Cost implications of unwarranted imaging for distant metastasis in women with early-stage breast cancer in Ontario
Despite the publication of multiple evidence-based guidelines recommending against routine imaging for distant metastasis in patients with early-stage (i/ii) breast cancer, such imaging is frequently performed. The present retrospective cohort study was conducted to estimate the cost of unnecessary imaging tests in women with stage i and ii breast cancer diagnosed between 1 January 2007 and 31 December 2012 in Ontario.
We obtained patient-level demographic and tumour data from a large provincial dataset. The total cost of unwarranted imaging tests (in 2015 Canadian dollars) was considered to be equal to the sum of imaging costs incurred between 2007 and 2012 and was stratified by disease stage, imaging modality, and body site.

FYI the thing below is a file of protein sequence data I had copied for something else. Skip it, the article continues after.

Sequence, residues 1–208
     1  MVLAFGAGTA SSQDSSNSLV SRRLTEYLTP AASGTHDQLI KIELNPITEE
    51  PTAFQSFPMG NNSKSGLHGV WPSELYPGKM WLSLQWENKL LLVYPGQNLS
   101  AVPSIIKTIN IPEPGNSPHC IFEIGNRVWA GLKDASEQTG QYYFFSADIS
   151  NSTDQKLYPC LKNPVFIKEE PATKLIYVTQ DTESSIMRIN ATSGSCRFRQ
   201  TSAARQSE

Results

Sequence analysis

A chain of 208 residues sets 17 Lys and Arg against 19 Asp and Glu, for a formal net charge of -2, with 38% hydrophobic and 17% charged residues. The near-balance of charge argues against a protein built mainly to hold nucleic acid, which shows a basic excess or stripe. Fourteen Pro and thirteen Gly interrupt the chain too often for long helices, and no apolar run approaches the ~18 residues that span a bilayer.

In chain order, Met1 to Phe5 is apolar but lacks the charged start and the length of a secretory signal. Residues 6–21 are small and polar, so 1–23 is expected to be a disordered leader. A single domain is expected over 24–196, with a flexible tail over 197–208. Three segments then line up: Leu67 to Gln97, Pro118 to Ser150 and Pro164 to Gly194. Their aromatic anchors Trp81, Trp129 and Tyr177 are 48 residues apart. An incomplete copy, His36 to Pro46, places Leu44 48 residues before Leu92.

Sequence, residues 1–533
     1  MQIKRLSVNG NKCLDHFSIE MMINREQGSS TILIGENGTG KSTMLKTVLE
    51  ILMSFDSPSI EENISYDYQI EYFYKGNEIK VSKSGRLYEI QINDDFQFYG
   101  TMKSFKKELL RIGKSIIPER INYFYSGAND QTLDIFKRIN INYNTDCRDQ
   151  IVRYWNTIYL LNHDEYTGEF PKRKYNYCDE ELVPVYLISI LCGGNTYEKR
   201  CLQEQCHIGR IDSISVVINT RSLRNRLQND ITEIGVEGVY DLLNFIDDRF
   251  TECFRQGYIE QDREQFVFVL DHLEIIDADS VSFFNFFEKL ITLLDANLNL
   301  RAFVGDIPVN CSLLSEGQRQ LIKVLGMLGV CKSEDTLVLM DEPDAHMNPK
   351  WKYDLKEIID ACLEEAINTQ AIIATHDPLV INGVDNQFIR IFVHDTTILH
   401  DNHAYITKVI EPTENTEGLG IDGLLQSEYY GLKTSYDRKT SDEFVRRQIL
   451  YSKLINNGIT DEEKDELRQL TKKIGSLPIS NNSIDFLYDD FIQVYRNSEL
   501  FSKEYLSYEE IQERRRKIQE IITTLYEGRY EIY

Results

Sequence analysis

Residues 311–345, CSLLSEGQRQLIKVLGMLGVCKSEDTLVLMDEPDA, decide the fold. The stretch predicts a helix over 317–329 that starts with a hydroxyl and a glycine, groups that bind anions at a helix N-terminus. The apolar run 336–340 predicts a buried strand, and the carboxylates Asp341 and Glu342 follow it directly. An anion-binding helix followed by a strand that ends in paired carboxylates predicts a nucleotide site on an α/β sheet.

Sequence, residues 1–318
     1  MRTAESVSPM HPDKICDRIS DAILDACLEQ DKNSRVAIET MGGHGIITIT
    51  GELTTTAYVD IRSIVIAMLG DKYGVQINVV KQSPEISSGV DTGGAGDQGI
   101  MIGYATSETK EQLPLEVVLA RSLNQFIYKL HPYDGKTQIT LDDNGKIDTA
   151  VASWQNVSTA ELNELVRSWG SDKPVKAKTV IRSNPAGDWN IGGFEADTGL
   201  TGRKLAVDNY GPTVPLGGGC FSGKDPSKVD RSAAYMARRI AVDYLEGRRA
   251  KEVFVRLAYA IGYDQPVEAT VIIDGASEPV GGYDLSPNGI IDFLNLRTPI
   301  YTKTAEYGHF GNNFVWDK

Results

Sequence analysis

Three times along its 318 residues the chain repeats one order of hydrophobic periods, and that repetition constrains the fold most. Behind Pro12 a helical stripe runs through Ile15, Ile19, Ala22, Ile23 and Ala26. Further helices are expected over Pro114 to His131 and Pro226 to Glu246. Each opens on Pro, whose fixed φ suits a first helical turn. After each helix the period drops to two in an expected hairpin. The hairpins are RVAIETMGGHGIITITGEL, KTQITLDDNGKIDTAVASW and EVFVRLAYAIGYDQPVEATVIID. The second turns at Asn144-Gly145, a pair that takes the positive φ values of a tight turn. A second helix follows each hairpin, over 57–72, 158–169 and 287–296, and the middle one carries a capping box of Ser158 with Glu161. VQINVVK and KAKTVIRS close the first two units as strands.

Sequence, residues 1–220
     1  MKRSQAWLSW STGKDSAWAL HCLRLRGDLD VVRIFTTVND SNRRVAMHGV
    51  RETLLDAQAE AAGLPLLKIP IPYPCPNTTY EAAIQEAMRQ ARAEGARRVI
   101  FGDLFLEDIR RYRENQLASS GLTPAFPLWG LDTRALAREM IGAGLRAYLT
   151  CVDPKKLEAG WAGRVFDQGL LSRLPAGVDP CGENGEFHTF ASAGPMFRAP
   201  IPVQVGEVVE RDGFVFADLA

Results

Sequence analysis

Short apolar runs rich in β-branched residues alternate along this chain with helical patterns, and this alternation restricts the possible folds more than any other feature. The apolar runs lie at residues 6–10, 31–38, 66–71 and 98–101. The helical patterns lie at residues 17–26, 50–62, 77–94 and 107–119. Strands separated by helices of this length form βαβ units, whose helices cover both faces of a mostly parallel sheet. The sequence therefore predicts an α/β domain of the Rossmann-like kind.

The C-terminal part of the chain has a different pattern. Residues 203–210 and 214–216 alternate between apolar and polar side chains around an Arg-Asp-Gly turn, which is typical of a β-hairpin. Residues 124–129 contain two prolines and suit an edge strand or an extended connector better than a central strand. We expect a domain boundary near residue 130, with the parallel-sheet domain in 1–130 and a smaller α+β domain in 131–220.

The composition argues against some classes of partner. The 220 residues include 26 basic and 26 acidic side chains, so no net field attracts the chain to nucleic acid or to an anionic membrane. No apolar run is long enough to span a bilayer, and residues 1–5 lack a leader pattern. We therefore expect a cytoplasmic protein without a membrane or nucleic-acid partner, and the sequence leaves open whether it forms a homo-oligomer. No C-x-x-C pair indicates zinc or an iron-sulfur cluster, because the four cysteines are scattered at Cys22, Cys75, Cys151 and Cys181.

Of the 26,547 identified patients with early-stage breast cancer, 22,811 (85.9%) underwent at least 1 imaging test, with an average of 3.7 tests per patient (3.2 for stage i patients and 4.0 for stage ii patients) over 5 years. At least 1 imaging test was performed in 79.6% of stage i and 92.7% of stage ii patients. During a 5-year period, the cost of unwarranted imaging in patients with early-stage breast cancer ranged from CA$4,418,139 to CA$6,865,856, depending on guideline recommendations.
Our study highlights the substantial cost of excess imaging that could be saved and re-allocated to patient care if evidence-based guidelines are followed. Future studies should assess strategies to ensure that evidence-based guidelines are followed and to increase awareness of the cost implications of nonadherence to guidelines.